China and the West, 1858-1861
Masataka Banno. China and the West, 1858-1861: The Origins of the Tsungli Yamen. Cambridge: Harvard University Press, 1964.
Ji Hee Jung (2004)
Through exhaustive examination of comprehensive sources, Masataka Banno analyzes Chinese diplomatic history from the Arrow War to the creation of the Tsungli Yamen, a modernized central office for foreign affairs. According to Banno’s main argument, it was not the Treaty of Tientsin that made an institutional change in the Chinese conduct of foreign affairs, but the establishment of the Tsungli Yamen that ended the traditional principle of inequality between the Chinese empire and all other states under the tribute system.
Banno regards the Arrow War as an expression of dissatisfaction by Westerners with lack of changes in the Chinese legal system and tributary mind-set even after the Treaty of Tientsin and during the process of negotiation. The Tsungli Yamen symbolized a change in this old system. The emergence of the Tsungli Yamen was a turning point in China’s foreign relations. It is for the reasons that Banno emphasizes the significance of Tsungli Yamen in spite of its short history.
Tracing the process of negotiation and the rise of an organ for the conduct of foreign affairs under the leadership of Prince Kung, Kuei-liang, and Wen-hsiang, Banno focuses on conflicts between China and the four major foreign powers on the one hand, and between the war party and the peace party within the Chinese government on the other hand. As for the role that foreign powers played in the competition between the peace party and the war party, Banno’s evaluation is positive. Both parties wanted an “equal,” in other words, “modern,” diplomatic system. The stability of empire was thought to be desirable as long as the Chinese government would remain favorable toward foreign powers. That is why Westerners tried to cooperate with the peace parties. Banno assumes that the friendly relationship with the foreign legation was crucial for the rise and consolidation of the Tsungli Yamen. For instance, Banno explains the reason that Westerners postponed establishing legation in Peking in November 1860 was they feared for Prince Kung’s overthrow at the hands of the emperor’s warlike entourage. The presence of foreign troops in Tientsin and Taku also served as “a pillar of support to Prince Kung against his political opponents” (241).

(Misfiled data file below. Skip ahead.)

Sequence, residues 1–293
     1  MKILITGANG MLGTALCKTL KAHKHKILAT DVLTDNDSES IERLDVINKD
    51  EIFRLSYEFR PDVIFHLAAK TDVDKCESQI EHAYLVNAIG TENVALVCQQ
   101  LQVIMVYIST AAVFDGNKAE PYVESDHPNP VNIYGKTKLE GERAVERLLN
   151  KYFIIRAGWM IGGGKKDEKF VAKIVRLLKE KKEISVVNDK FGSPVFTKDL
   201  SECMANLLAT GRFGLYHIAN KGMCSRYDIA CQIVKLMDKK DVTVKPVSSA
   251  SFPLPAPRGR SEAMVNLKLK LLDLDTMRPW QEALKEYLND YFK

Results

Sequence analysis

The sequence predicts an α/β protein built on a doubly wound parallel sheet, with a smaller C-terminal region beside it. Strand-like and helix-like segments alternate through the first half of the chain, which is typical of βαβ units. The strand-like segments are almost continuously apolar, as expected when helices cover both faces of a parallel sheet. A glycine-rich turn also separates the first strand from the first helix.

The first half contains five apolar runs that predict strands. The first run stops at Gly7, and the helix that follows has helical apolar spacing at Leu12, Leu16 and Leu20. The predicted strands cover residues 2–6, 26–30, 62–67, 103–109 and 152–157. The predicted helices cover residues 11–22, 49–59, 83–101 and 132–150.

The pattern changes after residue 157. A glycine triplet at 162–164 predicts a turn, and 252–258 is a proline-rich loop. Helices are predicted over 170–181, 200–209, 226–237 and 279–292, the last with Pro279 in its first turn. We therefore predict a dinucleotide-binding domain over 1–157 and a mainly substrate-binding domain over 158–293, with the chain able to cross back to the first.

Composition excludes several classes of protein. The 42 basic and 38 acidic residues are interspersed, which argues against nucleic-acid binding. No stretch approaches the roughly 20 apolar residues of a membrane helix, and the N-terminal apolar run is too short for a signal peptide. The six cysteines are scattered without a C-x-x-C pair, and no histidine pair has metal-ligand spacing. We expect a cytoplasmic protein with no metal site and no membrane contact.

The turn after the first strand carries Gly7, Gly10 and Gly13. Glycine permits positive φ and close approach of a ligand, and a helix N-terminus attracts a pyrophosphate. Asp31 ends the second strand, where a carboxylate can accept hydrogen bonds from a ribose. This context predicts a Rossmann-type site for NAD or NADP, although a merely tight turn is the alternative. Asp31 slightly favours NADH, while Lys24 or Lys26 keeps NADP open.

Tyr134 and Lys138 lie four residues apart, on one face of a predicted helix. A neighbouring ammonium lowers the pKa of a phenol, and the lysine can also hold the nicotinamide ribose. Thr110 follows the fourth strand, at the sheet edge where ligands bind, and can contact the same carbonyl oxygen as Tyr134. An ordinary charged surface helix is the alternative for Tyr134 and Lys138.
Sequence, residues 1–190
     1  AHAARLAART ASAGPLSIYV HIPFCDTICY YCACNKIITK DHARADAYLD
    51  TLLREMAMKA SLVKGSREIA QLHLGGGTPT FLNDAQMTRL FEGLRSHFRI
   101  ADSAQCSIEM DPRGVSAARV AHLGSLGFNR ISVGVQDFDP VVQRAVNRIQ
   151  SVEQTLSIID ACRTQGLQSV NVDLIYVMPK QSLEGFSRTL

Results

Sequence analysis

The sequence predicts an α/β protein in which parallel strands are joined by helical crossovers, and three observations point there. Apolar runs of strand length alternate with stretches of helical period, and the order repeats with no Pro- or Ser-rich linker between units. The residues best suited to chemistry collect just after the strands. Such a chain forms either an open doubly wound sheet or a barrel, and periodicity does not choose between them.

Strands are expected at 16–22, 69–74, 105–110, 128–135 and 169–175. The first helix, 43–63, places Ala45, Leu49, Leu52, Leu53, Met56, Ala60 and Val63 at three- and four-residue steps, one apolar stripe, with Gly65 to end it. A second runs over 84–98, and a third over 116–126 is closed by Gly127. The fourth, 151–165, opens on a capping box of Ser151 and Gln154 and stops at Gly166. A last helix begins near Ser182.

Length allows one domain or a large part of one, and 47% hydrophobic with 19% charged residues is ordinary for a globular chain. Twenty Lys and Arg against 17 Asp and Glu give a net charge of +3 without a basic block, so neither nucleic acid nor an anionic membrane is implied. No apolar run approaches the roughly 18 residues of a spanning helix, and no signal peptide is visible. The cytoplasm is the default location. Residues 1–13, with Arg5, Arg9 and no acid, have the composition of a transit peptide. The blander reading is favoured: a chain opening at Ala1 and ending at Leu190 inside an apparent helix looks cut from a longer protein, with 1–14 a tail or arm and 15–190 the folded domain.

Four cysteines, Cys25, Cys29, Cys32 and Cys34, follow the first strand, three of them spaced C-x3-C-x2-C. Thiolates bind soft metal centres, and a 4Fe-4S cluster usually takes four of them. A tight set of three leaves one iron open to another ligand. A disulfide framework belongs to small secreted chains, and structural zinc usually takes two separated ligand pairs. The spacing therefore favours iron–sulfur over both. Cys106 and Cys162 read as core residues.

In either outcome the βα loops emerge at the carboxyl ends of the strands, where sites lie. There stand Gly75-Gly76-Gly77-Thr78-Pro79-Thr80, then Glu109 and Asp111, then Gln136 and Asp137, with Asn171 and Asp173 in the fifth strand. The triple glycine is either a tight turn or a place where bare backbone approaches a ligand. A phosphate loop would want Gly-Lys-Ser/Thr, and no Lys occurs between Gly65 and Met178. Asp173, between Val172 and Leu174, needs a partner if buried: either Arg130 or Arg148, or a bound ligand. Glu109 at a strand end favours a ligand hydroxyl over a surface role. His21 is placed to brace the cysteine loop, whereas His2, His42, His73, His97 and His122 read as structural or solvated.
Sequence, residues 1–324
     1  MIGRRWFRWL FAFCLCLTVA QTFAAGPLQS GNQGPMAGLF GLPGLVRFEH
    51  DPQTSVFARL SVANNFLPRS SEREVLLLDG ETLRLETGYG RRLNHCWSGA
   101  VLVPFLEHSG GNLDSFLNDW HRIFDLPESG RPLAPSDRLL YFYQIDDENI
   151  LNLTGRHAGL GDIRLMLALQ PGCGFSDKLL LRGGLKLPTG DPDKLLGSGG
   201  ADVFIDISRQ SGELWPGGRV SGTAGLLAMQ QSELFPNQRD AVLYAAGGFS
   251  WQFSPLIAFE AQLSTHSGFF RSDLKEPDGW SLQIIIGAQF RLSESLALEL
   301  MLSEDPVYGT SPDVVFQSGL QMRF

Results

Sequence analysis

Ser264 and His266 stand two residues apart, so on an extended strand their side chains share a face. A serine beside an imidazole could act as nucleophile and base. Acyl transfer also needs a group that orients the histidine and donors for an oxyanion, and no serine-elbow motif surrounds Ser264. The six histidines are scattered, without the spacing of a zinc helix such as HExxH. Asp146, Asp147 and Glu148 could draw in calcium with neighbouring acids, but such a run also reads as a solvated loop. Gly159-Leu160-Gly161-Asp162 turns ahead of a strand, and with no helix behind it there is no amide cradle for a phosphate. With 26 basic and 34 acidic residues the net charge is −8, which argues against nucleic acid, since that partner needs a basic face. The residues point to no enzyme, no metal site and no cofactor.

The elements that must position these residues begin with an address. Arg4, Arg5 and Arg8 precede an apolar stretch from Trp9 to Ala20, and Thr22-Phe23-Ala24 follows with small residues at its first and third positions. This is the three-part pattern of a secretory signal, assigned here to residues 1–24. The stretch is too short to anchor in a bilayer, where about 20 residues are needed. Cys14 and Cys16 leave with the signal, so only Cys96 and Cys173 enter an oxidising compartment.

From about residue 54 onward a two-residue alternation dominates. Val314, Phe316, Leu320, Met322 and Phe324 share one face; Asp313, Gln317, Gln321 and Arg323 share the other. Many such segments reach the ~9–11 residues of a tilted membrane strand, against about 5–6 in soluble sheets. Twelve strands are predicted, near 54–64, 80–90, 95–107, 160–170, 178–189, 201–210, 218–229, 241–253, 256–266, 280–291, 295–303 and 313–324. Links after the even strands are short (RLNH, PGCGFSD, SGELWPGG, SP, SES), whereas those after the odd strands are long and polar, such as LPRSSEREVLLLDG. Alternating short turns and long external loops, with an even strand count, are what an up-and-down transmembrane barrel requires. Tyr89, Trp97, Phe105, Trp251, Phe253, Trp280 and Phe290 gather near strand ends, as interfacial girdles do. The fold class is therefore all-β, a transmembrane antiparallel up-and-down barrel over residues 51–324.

Banno also effectively illuminates the struggles among factions within the Chinese government. While investigating the emergence of the peace party as an essential leading group of the Chinese government, Banno offers a different interpretation from the stereotyped one that assumes clear splits between the war party and the peace party, or between the Chinese and Manchus. By examining various cases, Banno suggests that whether one was in the war party or in the peace party was not decided by ethnic factors. Rather, individual attitude toward the negotiations with foreign powers depended on personal experience in foreign affairs.
Most of reviews of this book from contemporary scholars were favorable and positive. Lloyd Eastman indicates that “China and the West will surely remain the authoritative work” (The Journal of Asian Studies, 24.1) and Mary Wright praises it as “a model of dispassionate diplomatic history, prejudging no issue in a complex maze of events” (Journal of the American Oriental Society, 84.3). But even if Banno tried to maintain impartial views, it seems that Banno would not be free from the academic trends of his age. Overly optimistic views on friendly relationships between China and the West and a high estimation of the relationships make invisible the fundamental conflicts underlying the relationship. Nevertheless, the thoroughness of this book by its use of extensive sources written in five languages deserves credit. It is a greatly informative and painstaking work worthy of a careful reading.
© Copyright 2004. All rights reserved.
[Find it on Amazon]